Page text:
Modulation: The Art of Reading to an Audience

The first reading I ever went to was by a well known writer of whose work I was a huge fan. There were three readers (I think it was in a bookstore). I found the first reader un-compelling–he read in a subdued, almost monotone voice, and I couldn’t focus on the words–let alone the story. The next participant was not much more inspiring, but I was there for reader no. 3, so I waited patiently. And then it was the third reader’s turn. And she read in the same dry, subdued way–as if she didn’t enjoy the words she’d written. It was just a little heartbreaking.

As I got more experience at these things I came to realize that this is a style. The lack of engagement and performance is deliberate. Later in the evening I heard one of the authors chatting about a reading he had been to, complaining that the writer he’d seen was “acting” the reading. I wanted to tell this guy that his reading could have benefitted from a little acting too, but tact won out.

Too much performance at a reading can be clownish, or make the audience feel talked down to–you don’t want to come off like a deranged reader at the Thursday afternoon Story Time for Tots at the local library. But too little… gives your listeners nothing to hang on to. As with all things, there’s a sweet spot in the middle.

You’re telling a story. When you’re among friends telling the anecdote about that time in Marrakesh with the nun, the waffles, and the chicken, do you tell it in a monotone? Not so much. Reading in a monotone does not give your material dignity–it flattens it. So read as if you’re talking to your friends. On the other hand, unless you’re a really gifted actor, you don’t have to act it out. No, really.

And dialogue? Speak it as you hear it in your head, as if your characters were saying it. Use the emphases you hear them using. Pause when they do. (Maybe I’m overselling this, but when I write I hear the dialogue, so that’s how I read it. Your mileage may vary.)

There are many ways of “doing voices.”  I tend to go for different tones for different speakers, just so it signals a new speaker. Sometimes a character needs a higher voice or a different tone. If you’re able to find voices for your characters that work for you–and that you can replicate as needed–do it. But two cautions: 1) don’t overdo it (that’s the sweet spot principle again), and 2) don’t do so many voices that you get confused, mid-reading, as to which one you’re using.*

Regarding accents, if you use them (I often do, as I’m often writing in historical settings where accent signals a host of things, from regional origin to class), my feeling is that unless you’re really, really good at them, it’s easier and better to hint at them. You don’t need to sound like Alfred P. Doolittle in order to suggest that the chap whose dialogue you’re reading comes from the lower reaches of British society, or like Pepe le Pew to suggest a person of French extraction.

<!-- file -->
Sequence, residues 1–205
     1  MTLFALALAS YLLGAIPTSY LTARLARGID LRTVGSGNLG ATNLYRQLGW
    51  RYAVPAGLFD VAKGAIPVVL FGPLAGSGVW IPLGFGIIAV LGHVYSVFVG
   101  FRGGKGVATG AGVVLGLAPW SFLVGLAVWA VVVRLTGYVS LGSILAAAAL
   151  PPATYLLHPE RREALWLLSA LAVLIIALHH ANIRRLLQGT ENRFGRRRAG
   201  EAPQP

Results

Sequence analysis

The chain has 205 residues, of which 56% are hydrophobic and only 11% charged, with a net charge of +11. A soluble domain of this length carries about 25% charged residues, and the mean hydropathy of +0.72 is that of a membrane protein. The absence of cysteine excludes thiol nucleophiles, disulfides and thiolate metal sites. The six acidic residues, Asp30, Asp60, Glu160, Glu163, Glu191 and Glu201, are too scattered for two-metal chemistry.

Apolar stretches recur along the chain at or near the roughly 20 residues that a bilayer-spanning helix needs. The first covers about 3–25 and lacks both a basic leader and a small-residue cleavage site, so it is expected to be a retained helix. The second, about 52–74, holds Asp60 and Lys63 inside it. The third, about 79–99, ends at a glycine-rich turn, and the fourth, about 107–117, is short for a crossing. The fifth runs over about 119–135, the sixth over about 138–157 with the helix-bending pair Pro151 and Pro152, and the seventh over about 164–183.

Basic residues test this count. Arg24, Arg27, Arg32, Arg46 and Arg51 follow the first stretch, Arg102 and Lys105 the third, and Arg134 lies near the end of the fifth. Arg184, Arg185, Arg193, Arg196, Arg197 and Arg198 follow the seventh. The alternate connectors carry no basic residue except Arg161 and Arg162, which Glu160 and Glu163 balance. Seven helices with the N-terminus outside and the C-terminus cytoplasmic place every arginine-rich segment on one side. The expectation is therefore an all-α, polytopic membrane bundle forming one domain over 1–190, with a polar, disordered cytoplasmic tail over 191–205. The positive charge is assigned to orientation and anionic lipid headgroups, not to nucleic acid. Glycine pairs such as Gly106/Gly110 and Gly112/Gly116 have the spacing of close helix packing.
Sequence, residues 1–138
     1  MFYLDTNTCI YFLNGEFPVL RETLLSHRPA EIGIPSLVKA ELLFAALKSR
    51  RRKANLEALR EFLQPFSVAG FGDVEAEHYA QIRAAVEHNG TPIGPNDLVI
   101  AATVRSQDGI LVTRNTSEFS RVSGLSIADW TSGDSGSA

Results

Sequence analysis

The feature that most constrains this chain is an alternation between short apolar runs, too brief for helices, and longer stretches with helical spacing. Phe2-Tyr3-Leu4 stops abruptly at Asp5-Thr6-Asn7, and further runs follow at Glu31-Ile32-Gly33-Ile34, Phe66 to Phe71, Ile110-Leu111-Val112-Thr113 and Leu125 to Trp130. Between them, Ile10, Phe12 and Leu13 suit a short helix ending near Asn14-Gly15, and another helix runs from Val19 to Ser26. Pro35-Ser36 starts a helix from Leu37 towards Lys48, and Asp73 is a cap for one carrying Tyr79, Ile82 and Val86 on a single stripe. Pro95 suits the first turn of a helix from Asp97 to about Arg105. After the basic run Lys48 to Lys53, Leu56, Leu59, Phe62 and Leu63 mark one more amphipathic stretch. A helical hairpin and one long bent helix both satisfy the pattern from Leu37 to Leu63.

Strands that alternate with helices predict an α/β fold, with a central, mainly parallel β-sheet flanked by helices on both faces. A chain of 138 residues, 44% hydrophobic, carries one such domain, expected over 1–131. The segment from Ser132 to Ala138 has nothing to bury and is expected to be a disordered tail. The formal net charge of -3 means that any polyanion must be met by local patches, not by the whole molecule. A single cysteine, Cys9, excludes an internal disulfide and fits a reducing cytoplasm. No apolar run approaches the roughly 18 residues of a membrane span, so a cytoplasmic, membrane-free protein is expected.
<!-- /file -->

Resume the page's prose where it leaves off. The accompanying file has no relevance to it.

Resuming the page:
When it comes right down to it, the way you read your material offers your listeners a way into it. You want that way in to be enticing and welcoming.

Oh, and if you’re reading something funny? Try your best not to laugh at it–that’s the listeners’ job.


*when my kids were young I generally used voices when I read to them–but I confess that somewhere in the middle of The Phantom Tollbooth I started getting confused as to which voice was for the Humbug, which was for King Azaz, and which was for The Mathemagician, and by the time we reached the Senses-Taker I was hopelessly lost.



Modulation: The Art of Reading to an Audience — 7 Comments

  1. The worst is the “poet’s voice.” That earnest, slightly breathless lilt that emphasises every second word or so, each line ending with a uptick in pitch and trailing off with a questioning sigh. So, so—momentous, imploring. And stultifying.

    Not sure if the beat poets started that style or not, but it seems to be standard fare these days.

    • I’ve read with a couple of poets who completely belie that description. They are animated and you understand every word. So it isn’t everybody.

      Both of them have some performing background, though. One is a storyteller; the other was a modern dancer before she became a poet. They are both used to engaging an audience.

  2. I once organized a large group reading at a con. (Too large, but that’s another story.) Our draw was someone who had just won a big award, so we let them go first and didn’t put a limit on their time. They read in a monotone, never looking up at the audience. It was excruciating and it went on forever. That was when I realized that writing well and reading well did not always go together.

    • Yup. I remember squeezing into a packed room to hear the opening of a forthcoming book, back in the days of no Internet and teasers, only to discover the author mumbling in a monotone the entire time. All I made out was the name of the protagonist. It was like having a delicious meal wafted under my nose and then snatched away.

  3. It is said that JRR Tolkien was a dreadful reader, mumbling, hunched.over his papers. His friend CS Lewis had a loud carrying tone but he was always in a hurry, and began as he was coming to the podium. We imagine Abraham Lincoln using a deep james Earl Jones voice but contemporary reporters say he was rather high in pitch.
    This is where selecting your reading material helps you. No long genealogies, Arathorn son of Arahel etc. Snappy stuff is better, but confusing combats that take a long time, no.

  4. I’m reading a short section of Point of Honour at a coffee shop tonight. The section was chosen because it takes place in a coffeehouse (thematic agreement FTW), but I was relieved to see that it has some humor to it. By its nature humor helps the listener listen.